If you like this mic, go with the neodynium version! You really want all the extra output you can get from it. I have not been impressed with the RE20, I feel like the dynamic range just isn't there and they sound flat. Although a good mic, I feel that they are quite overpriced. WDRT has 8 of them. Because of how they mount, the bodies like to start coming apart. This is due to some hidden screws loosening and is fixed easily in a couple of seconds. It is very hard to get much color out of them as an on-air personality. The RE20-ND is probably my favorite high dollar dynamic mic with the Sure equivalent in second. ~TFW
Microphones have very weak outputs. Therefore, we need to use an amplifier to boost their signal to the level that all of the other equipment uses. This level is known as 'line level.' Some studio consoles and mixers have microphone pre-amps built in. For others you will need to add one between the mic and console. Condenser mics also need a voltage source known as a phantom power supply. Most, but not all, pre-amps and consoles with built in pre-amps are capable of providing the phantom power for condenser mics.
This is a device that is used to change the sound of the person speaking on the microphone. It can be a simple dynamic compressor that serves to give the speaker a bit more authority and presence, especially when speaking over music, to something that makes you sound non-human. Most microphone processors have a pre-amp and phantom power built into them. Some are capable of digital signal output. Check out the Open Source Radio project for an open source microphone processor that does it all!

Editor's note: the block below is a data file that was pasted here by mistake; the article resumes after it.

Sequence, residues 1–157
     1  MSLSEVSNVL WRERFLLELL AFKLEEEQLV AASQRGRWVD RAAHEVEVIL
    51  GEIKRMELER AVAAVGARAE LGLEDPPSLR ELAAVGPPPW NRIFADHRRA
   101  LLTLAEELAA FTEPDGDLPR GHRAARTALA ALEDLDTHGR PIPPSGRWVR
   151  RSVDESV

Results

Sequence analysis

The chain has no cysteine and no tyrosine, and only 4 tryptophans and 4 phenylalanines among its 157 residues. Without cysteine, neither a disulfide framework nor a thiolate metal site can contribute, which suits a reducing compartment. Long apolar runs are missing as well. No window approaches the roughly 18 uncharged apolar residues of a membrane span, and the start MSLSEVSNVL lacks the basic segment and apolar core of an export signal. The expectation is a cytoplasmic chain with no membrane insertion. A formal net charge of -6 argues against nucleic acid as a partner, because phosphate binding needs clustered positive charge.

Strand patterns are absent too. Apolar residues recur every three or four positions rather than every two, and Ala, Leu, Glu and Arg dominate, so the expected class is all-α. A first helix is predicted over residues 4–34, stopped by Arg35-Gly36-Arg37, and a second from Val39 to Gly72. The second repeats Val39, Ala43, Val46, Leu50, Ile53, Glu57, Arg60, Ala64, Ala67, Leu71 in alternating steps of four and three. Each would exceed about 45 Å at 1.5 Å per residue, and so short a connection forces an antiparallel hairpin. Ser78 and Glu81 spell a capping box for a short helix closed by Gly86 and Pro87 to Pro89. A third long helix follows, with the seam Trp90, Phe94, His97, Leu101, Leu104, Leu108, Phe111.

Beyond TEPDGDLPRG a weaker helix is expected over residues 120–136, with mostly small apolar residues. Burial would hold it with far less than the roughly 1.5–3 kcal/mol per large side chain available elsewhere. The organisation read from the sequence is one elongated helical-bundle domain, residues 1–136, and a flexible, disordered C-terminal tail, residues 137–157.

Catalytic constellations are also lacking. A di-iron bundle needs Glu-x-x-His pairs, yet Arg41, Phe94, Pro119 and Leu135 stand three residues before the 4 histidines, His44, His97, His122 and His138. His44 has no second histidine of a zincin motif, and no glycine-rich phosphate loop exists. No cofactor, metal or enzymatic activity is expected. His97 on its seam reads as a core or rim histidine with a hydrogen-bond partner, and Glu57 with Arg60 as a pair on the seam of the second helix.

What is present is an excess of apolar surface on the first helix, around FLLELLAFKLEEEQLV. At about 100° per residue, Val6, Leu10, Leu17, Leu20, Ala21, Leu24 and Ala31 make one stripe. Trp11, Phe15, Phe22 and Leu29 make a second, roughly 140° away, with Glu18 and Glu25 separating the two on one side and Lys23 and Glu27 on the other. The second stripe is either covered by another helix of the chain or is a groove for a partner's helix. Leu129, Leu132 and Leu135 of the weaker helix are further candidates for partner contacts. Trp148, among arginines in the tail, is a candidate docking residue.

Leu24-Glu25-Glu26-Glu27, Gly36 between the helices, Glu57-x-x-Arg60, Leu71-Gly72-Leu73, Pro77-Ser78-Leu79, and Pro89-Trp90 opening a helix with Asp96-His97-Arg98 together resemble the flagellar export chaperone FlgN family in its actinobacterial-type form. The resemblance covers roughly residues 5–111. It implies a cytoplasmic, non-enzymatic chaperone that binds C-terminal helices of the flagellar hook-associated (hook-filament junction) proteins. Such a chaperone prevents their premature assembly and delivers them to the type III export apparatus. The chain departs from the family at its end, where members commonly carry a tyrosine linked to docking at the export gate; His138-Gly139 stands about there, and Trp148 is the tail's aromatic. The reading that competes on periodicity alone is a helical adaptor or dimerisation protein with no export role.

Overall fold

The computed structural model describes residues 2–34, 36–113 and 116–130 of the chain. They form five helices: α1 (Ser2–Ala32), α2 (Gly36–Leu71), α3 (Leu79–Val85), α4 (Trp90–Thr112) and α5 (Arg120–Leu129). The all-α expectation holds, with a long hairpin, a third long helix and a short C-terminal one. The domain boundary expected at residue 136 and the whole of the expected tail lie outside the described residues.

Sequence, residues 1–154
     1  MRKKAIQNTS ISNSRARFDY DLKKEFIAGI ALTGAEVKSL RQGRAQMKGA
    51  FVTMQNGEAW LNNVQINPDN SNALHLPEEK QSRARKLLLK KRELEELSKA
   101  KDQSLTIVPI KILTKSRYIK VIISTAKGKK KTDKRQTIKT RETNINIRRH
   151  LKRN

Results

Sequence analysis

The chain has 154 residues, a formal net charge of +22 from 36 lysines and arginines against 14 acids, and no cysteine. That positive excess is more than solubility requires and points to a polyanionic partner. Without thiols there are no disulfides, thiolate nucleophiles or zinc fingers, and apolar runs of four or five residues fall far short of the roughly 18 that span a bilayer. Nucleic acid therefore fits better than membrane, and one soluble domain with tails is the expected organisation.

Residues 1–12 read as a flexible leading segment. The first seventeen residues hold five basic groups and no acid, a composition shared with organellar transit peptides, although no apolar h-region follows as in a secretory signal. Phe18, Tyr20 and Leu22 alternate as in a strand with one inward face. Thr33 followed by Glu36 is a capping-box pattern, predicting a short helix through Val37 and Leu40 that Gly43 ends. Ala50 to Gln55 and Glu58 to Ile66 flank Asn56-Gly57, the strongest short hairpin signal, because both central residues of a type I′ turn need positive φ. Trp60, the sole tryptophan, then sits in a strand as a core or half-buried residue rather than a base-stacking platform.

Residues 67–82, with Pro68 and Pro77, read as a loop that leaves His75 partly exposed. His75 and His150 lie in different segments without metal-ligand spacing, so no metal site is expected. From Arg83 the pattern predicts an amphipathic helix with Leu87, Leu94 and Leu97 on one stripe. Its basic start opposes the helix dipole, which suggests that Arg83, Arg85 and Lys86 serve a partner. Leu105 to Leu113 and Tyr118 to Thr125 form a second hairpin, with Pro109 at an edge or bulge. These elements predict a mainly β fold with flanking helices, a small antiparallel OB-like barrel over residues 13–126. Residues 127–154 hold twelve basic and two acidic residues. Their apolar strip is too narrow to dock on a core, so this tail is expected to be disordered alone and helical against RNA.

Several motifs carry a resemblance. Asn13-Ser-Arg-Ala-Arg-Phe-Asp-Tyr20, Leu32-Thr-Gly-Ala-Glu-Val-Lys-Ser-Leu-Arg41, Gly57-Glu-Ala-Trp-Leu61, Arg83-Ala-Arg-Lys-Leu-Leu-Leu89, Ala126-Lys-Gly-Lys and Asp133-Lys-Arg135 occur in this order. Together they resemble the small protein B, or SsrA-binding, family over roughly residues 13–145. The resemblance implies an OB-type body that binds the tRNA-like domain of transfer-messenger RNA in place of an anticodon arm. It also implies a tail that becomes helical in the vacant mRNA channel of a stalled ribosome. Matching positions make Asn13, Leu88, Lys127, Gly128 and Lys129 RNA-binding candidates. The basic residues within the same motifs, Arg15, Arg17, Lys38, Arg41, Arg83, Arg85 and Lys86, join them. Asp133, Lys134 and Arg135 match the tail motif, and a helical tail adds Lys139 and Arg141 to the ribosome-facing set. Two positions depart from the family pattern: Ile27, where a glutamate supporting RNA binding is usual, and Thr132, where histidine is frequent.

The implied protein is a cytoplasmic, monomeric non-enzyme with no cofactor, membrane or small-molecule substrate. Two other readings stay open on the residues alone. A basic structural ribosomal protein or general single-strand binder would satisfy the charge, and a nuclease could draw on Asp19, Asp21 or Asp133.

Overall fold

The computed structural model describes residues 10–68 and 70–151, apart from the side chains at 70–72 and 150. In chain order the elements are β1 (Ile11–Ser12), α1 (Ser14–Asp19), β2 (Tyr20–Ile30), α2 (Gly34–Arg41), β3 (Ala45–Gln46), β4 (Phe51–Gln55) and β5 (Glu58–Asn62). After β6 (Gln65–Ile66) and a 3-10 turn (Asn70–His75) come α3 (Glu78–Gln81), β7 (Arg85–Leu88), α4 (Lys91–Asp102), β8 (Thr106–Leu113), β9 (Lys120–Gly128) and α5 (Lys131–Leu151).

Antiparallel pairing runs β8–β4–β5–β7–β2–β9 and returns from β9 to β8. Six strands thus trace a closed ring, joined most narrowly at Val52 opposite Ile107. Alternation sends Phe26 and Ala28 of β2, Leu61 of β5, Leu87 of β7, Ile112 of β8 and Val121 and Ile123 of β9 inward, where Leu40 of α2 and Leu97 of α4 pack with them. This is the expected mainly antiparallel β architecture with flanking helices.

Stands and Booms
In general, MANY broadcast stations have had issues with slot loading CD players. It can probably be said that the ones that haven't are the ones that haven't tried one yet. Unfortunately the manufacturers have fewer and fewer tray loading models. There are also very few models that have remote start/stop capability that is almost necessary in a broadcast environment so that when you press the 'on' button at the console the player starts. The things to look for when shopping for a cd player for the broadcast studio are:
- Balanced audio output
- Remote start capability (this is from wiring NOT a handheld remote control)
- Rack mountable
- Dial or knob for quickly selecting the track number
- Single play mode that will play one track and stop